I’m so excited to share Mom’s Asparagus Frittata with you. This has been one of my favorites for years, but I’d never ventured to make it myself. Heck, until now, I’d never made any frittata. It’s partly because Mom insists that frittata has to be made on the stove and not in the oven, because “That’s how we do it in Naples.”
So, I always wimped out, happily enjoying Mom’s frittata in her kitchen whenever I got the chance. But this blog is largely about pinning down the family recipes. It was time for me to put on my big-girl mutande and get over my fear of flunking “This is how we do it in Naples.” I’m so glad I did!
My reward was biting into a crispy-on-the-outside-but-tender-on-the inside, oh-so-delicious frittata. I’m not exaggerating when I say I swooned as my taste buds were greeted with the salty/nutty overtones of Romano and Parmesan cheeses, followed by eggs, garlic, asparagus and olive oil…oh, my my. Spring never tasted so good.
And I did it! I had worried about how to invert the frittata without ruining the whole thing, but with Mom’s good instructions, I had no problems. I felt such an adrenaline rush to successfully make Mom’s Asparagus Frittata in my kitchen, just like in Naples. It was like riding the Gemini roller coaster at Cedar Point as a kid, being so nervous going up that giant first hill and then being so stoked after I got off the ride that I couldn’t wait to do it again. I’m ready!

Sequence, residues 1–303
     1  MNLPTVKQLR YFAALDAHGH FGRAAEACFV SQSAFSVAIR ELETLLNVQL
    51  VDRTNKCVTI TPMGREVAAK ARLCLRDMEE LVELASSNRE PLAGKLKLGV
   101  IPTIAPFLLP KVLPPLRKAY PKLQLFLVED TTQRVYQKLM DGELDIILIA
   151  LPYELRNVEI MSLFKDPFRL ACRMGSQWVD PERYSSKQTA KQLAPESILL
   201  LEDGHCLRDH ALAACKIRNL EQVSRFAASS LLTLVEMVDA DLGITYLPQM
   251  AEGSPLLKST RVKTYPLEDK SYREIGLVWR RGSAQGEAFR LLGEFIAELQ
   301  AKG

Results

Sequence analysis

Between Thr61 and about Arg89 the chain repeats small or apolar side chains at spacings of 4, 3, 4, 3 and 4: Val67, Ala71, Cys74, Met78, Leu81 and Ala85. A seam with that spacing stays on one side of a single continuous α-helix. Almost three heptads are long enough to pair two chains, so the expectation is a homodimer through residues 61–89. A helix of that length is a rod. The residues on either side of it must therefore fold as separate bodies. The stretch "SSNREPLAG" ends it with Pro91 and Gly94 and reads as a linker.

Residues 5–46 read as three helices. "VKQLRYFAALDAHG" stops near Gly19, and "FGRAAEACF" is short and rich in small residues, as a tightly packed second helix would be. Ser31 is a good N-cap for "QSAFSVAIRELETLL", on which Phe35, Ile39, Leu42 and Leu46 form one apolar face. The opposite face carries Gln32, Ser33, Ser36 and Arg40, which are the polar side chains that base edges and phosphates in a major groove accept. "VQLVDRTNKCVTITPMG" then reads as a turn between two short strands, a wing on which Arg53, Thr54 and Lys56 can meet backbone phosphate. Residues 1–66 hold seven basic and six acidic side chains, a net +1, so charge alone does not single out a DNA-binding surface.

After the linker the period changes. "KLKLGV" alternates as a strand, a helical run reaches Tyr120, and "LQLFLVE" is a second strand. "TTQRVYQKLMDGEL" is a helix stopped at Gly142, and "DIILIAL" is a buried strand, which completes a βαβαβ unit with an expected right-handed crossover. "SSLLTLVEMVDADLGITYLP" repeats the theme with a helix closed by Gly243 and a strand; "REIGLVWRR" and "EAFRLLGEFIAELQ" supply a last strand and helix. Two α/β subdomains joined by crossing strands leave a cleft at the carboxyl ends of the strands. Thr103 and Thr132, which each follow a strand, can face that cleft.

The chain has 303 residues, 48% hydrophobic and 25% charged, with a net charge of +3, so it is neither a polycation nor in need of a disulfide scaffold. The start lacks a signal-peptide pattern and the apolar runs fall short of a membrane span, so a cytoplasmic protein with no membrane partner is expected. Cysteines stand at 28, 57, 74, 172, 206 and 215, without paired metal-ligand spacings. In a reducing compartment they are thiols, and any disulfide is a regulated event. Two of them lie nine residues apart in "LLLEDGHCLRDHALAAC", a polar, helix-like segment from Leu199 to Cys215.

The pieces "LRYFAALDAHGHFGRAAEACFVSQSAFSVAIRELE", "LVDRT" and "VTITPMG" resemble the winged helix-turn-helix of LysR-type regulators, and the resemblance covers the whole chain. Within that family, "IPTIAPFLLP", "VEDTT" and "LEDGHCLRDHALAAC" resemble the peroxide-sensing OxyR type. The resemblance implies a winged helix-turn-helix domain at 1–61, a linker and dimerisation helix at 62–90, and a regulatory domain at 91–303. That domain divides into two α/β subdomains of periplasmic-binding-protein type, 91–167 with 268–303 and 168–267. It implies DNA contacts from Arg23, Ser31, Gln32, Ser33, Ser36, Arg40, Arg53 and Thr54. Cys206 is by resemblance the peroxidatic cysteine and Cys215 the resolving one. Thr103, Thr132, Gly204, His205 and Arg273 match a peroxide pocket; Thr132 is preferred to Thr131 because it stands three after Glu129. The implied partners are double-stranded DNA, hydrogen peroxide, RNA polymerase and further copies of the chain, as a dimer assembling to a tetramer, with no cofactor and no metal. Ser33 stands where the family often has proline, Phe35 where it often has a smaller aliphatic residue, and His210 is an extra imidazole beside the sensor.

Here are some helpful tips to prepare this frittata on the stove:
- The asparagus needs to be fully cooked and fork-tender before it goes in the frittata. Start by cooking it at least halfway by steaming it (or with a bit of water in a shallow pan) and then finish the asparagus by sautéeing it with garlic in olive oil.
- The cooked asparagus needs to be dry before it’s ready for the frittata, so gently pat it with a paper towel.
- The heat needs to be on low under your frittata pan, so that the bottom won’t burn.
- Don’t invert the frittata until you see that the edges are turning brown and are set. There shouldn’t be much liquid on the surface; it should be almost set. (It could take 18 minutes or more.)
- Have two spare large, round pans or platters ready to help invert the frittata over the sink when it needs to be flipped. (I used a pizza pan and a 12-inch skillet.) Invert three times: from the original 10-inch pan onto the first spare pan, so that the cooked side is up; then onto the second spare pan so that the raw side is up; finally, back onto the original 10-inch pan, with the cooked side up.
Hakuna frittata, my friends! It means no worries…
(Recipe Source: Adapted from Mom, who uses two bunches of asparagus and Pecorino Romano instead of regular)